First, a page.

Proposed Hernando County charter school applies again after last year's denial amid controversy

The group behind Chehuntamo Advanced Performance High School believes this year's application will be hard to find fault with.
Michael Maynard at his home in Spring Hill.  (Times file
Michael Maynard at his home in Spring Hill. (Times file
Published Feb. 5, 2019

BROOKSVILLE — Less than a year after the Hernando County School Board denied its application to open a charter school, a controversial group is back with another proposal.

"We feel that we bring something unique to the district," said Michael Maynard, chair of the board of directors for the group behind the proposed Chehuntamo Advanced Performance High School. "There's not a time I felt like quitting. ... We'll just keep coming back until the board says yes."

This is the group's third straight application and the district's only one for the 2019 cycle, according to Angela Kennedy, the school district's supervisor of school choice. According to the application, the school wants to open in August 2020.

Maynard said the group shored up its application with help from an outside consultant. He's confident that if the School Board denies the application, the school will have "firm footing" to appeal the decision for a state Department of Education review.

Kennedy said she's requested time at the April 23 School Board workshop for Maynard to present and board members to ask questions, with a final vote to follow at that evening's meeting.

According to the application, the Chehuntamo school would provide a "rigorous scholastic environment" for students who plan to go on to a four-year college or university, one that would teach them "how to think — not what to think." The application includes criticism of local public schools' enrollment levels and performance in Advanced Placement classes, which the school would focus on, and of the school district's ability to serve "the average student."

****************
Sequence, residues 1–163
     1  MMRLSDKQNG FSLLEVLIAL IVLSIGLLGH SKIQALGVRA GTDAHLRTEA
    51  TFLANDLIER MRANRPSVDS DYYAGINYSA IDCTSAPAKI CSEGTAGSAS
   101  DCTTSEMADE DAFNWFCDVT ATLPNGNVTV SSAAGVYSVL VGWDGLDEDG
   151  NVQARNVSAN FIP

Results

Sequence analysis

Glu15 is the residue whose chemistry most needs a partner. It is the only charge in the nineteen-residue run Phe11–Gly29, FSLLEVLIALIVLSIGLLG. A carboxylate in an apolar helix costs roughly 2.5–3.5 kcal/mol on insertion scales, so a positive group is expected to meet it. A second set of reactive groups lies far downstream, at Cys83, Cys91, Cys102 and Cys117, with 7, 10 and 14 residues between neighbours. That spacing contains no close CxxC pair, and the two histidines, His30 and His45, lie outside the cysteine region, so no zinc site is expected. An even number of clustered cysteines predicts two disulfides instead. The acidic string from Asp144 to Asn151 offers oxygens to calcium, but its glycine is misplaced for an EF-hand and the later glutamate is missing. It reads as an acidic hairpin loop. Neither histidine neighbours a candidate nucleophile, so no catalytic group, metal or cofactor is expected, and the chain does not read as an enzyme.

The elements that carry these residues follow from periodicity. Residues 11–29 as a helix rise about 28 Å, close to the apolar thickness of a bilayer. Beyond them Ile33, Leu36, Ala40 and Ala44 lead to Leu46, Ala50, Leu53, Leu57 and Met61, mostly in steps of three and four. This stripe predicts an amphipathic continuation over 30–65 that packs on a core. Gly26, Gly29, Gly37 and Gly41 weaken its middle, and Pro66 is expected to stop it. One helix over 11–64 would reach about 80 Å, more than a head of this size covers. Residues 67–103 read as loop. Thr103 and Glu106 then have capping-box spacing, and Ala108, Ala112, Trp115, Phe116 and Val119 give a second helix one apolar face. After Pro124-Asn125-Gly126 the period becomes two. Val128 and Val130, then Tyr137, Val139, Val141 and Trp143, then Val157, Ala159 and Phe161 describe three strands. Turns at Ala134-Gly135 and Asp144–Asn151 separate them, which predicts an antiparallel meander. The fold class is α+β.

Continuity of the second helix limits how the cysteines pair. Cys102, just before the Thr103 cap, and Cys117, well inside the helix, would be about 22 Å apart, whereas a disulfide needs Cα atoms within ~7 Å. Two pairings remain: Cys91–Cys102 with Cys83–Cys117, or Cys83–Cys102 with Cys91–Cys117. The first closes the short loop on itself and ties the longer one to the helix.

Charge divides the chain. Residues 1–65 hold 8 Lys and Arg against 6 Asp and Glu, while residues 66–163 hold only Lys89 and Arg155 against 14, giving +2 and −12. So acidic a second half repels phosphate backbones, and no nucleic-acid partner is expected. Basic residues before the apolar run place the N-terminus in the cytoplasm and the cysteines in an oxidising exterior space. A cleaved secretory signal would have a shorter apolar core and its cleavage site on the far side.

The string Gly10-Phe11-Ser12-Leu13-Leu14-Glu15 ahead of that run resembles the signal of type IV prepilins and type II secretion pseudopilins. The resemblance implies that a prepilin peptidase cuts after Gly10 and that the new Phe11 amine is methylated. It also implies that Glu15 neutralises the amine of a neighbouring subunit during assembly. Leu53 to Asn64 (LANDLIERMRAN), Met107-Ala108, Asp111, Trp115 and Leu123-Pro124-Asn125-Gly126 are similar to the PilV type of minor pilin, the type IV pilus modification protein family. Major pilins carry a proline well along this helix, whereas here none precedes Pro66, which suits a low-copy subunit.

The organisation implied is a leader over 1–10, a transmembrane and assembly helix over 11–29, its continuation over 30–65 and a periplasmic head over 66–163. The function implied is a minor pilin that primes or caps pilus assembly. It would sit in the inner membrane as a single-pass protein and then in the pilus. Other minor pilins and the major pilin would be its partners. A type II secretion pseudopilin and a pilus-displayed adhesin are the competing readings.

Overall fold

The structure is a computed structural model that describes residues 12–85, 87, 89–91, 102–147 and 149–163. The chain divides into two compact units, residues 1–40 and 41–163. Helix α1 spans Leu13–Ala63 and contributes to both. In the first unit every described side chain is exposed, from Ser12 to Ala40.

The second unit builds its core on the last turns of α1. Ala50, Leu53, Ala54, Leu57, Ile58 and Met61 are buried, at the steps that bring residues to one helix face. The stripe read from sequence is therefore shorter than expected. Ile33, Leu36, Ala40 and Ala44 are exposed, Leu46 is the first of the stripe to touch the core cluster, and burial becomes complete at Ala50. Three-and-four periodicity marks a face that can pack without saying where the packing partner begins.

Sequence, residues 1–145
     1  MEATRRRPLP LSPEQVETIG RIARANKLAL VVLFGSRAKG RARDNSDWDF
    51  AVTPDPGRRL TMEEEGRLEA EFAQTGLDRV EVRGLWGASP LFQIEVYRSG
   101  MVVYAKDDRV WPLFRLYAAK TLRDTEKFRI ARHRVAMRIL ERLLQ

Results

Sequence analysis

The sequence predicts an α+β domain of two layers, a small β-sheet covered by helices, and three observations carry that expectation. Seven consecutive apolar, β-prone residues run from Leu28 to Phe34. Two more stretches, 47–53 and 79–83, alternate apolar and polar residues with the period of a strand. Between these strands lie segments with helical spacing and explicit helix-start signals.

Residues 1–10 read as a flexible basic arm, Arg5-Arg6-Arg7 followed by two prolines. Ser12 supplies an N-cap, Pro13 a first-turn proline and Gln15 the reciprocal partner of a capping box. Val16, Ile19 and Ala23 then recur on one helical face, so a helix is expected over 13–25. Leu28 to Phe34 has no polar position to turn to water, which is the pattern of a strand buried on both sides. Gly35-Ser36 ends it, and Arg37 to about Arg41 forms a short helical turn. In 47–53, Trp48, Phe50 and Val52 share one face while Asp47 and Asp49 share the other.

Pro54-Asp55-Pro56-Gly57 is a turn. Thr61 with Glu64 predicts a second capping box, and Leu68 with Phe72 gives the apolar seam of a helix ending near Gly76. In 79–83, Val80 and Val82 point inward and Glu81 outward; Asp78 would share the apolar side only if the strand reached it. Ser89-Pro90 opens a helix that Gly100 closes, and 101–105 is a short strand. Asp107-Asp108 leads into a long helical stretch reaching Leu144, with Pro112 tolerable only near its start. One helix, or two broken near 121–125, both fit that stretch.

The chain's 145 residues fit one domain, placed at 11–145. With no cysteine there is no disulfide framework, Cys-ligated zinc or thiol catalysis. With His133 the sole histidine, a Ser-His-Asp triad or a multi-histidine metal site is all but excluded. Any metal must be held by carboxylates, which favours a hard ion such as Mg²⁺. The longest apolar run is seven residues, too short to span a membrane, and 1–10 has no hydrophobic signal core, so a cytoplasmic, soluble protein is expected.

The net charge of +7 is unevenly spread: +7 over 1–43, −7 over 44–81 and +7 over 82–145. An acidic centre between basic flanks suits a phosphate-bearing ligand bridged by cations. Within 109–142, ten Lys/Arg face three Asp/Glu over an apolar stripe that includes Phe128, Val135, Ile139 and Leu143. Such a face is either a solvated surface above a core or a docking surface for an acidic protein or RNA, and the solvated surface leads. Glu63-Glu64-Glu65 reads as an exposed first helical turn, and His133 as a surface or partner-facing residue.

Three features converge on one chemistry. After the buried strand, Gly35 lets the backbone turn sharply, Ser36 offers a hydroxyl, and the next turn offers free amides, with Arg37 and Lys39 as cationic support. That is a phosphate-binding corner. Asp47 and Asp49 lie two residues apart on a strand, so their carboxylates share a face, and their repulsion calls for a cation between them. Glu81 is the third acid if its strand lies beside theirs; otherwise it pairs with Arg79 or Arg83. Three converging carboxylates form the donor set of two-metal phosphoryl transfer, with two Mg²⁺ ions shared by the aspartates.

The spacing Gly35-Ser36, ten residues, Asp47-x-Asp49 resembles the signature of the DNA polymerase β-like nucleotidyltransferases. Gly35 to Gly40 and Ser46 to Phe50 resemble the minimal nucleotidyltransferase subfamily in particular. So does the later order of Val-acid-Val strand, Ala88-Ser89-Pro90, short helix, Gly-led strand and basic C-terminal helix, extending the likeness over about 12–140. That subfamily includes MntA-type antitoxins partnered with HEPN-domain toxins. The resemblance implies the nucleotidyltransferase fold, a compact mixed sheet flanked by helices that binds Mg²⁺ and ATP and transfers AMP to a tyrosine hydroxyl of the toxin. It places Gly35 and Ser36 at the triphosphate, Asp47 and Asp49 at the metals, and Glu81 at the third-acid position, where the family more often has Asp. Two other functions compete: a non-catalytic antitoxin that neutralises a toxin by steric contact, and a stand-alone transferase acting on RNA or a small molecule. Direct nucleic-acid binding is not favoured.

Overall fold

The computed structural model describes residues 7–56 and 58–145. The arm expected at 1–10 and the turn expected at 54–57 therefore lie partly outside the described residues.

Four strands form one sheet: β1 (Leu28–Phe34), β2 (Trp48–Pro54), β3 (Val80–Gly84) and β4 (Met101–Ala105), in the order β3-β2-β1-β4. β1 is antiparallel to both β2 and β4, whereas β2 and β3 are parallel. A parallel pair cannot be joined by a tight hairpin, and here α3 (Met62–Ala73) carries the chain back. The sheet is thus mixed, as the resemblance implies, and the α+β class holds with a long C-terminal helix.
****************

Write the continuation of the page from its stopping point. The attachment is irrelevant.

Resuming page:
Last year, Maynard's comments about the district were a major point of contention for the School Board, with then-board member Beth Narverud calling them "degrading." The district's charter school committee had already recommended 14-1 against approving the application, which the committee said failed to meet the district's standards in several categories used to evaluate proposed charter schools and was riddled with mathematical and typographical errors.

The group withdrew its 2017 application amid criticism that it was unprepared and suggested illegal measures such as charging a $100 application fee and dismissing poorly performing students.

The board of directors behind this year's proposal includes several educators with careers marked by both success and controversy. Maynard, a former Pasco County AP teacher, won commendations for his high-impact teaching, but some students complained about his behavior in class and said he mocked or verbally attacked them. He spent seven years at River Ridge High School before the superintendent transferred him out and eventually retired just before the School Board planned to vote on his firing.

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John Sweeney, the proposed vice chair of the school, is a former Hernando County School Board member who lost a re-election bid after an investigation showed he tried to get his academically struggling son's grades boosted. The school's proposed treasurer, Wayne Alexander, brought the school district to an A grade as superintendent but was pushed out of his contract in 2009 when School Board members learned he'd secretly applied for other jobs.

Maynard said the board of directors sees former River Ridge principal Maria Swanson as the leading candidate for principal. Swanson was credited with reinvigorating River Ridge's academic performance from 2009 to 2015, but she resigned amid a district investigation into an alleged affair with an assistant principal.

Maynard said he doesn't consider his background and those of the other educators to carry any real baggage.

"If you're concerned about educating students, that's not going to be any issue whatsoever," he said. "If your primary concern is going to be about pushing a political agenda, it's going to be something else."

The board of directors is in the process of adding two members, Maynard said: Debbie Salvesen, president of the Hernando County Democratic Club who ran last year for county commissioner; and Joe Santarelli, a pastor who ran last year for a School Board seat.

School Board chair Susan Duval said she wasn't prepared to comment on this year's Chehuntamo application.

Hernando County has two charter schools — Gulf Coast Academy and Brooksville Engineering, Science and Technology Academy — with 343 students enrolled between them. The latter opened most recently, in the 2013-14 school year.

Contact Jack Evans at Follow @JackHEvans.